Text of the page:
The market knows Berkshire Hathaway (NYSE: BRK-A ) (NYSE: BRK-B ) has some of the best investors in the world calling the shots. Warren Buffett and Charlie Munger are, after all, the best duo on Wall Street. Thus, it's rare that Berkshire Hathaway sells at a discount to its book value.
Even so, waiting for a discount to the current price is still a fool's (not Fool's!) game. Here's why you won't ever be able to buy Berkshire Hathaway inexpensively.
Investors actually pay attention
Of all the companies on the public market, Berkshire Hathaway has the most loyal shareholders. Berkshire owners run the gamut from active value investors to passive followers who like having Buffett manage their money. And Berkshire's annual letter to shareholders is among the most widely read documents in the financial world when it surfaces each year.
Thus, investors are tuned in to what Buffett says.
In 1999, Buffett announced in his shareholder letter than he would consider buying back Berkshire Hathaway shares. He even mentioned a price. Here's what Buffett wrote:
Recently, when the A shares fell below $45,000, we considered making repurchases. We decided, however, to delay buying, if indeed we elect to do any, until shareholders have had the chance to review this report. If we do find that repurchases make sense, we will only rarely place bids on the New York Stock Exchange ("NYSE").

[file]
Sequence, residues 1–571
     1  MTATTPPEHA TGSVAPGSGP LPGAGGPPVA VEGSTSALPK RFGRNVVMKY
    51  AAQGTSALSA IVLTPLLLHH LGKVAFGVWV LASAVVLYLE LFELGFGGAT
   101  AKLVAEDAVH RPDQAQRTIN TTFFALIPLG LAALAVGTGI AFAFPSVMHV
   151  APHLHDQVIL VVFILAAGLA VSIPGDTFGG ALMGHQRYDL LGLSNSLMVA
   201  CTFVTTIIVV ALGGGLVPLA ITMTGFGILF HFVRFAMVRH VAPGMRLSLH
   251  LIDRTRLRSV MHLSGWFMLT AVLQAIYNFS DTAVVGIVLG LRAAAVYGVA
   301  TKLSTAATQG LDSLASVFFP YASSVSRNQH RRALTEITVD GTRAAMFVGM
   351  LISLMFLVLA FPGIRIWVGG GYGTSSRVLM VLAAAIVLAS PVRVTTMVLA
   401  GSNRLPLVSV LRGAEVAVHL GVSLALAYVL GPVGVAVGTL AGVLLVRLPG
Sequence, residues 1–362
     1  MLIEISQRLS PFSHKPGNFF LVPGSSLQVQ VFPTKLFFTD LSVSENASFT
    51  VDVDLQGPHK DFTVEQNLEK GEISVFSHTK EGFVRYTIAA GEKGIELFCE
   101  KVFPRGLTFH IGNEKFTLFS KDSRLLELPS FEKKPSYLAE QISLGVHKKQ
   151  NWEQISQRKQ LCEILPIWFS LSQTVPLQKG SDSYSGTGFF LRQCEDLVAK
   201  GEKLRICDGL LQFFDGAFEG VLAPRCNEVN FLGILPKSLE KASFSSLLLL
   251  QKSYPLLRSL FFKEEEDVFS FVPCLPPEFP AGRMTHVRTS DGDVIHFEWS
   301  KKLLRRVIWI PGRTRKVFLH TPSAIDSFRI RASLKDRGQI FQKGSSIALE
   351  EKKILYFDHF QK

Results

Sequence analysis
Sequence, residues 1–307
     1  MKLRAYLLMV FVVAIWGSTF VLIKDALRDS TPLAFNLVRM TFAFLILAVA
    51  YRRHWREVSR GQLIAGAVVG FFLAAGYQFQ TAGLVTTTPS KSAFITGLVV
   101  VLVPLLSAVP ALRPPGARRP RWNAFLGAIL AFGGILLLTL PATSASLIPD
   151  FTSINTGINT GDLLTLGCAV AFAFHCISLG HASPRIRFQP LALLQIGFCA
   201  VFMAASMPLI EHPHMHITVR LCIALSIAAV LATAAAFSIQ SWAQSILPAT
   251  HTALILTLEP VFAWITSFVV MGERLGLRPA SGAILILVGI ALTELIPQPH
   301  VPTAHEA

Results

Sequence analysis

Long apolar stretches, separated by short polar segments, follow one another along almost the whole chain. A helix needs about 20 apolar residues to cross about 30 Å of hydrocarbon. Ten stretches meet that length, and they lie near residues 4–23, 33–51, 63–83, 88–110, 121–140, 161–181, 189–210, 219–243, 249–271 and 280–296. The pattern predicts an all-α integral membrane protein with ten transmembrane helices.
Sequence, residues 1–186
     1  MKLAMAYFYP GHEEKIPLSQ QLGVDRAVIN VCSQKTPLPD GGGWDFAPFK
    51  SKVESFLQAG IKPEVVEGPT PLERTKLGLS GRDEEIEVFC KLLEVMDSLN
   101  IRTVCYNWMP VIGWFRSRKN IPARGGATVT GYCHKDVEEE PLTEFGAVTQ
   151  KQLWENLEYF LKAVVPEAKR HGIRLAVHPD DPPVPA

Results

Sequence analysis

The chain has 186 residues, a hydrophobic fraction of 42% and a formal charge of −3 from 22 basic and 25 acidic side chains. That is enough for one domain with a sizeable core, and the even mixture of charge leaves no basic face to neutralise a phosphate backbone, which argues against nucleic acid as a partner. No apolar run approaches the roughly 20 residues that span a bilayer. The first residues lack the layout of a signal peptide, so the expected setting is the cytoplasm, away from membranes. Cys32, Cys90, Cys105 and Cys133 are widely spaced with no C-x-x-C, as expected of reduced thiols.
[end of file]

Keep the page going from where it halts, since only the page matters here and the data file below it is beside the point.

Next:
He never got the chance to buy back stock in Berkshire. Much later, at the 2006 annual shareholders meeting, Buffett said the following:
A few years ago, when we were willing to buy back our stock, the fact of writing about it eliminated the opportunity.
He was referring to his comments in the 1999 shareholders letter. Once that letter came out, Berkshire shares never traded as cheap at $45,000 for the A shares ever again, even though the S&P 500 fell for two years after his letter to shareholders.
What Buffett's said recently
Buffett recently announced a policy of repurchasing shares for Berkshire Hathaway only at a price of 1.2 times book value or lower. Since then, the company has traded for well above 1.2 times book value.
History sure likes to repeat itself. On two occasions, Buffett has named his price to buy Berkshire Hathaway shares, and the market responded by pushing Berkshire Hathaway shares higher.
On one hand, this prevents an opportunity to snag Berkshire Hathaway at a discount. However, it also presents an opportunity for conservative investors to snap up Berkshire shares. Because Berkshire Hathaway generates more cash than it can reinvest into new ideas, it's likely that it will make more repurchases in the next 10 years than it ever has.
There is a "floor" in place at 1.2 times book value, a price at which Buffett would start buying back stock. Investors won't easily get market-beating returns from an investment in Berkshire, but at least they'll have the comfort of knowing that Berkshire's cash will likely hold up the stock in a downturn. For this reason alone, Berkshire Hathaway may be the right stock for the investor who wants stock market exposure with less risk.
Discover the gems in Berkshire's annual letters
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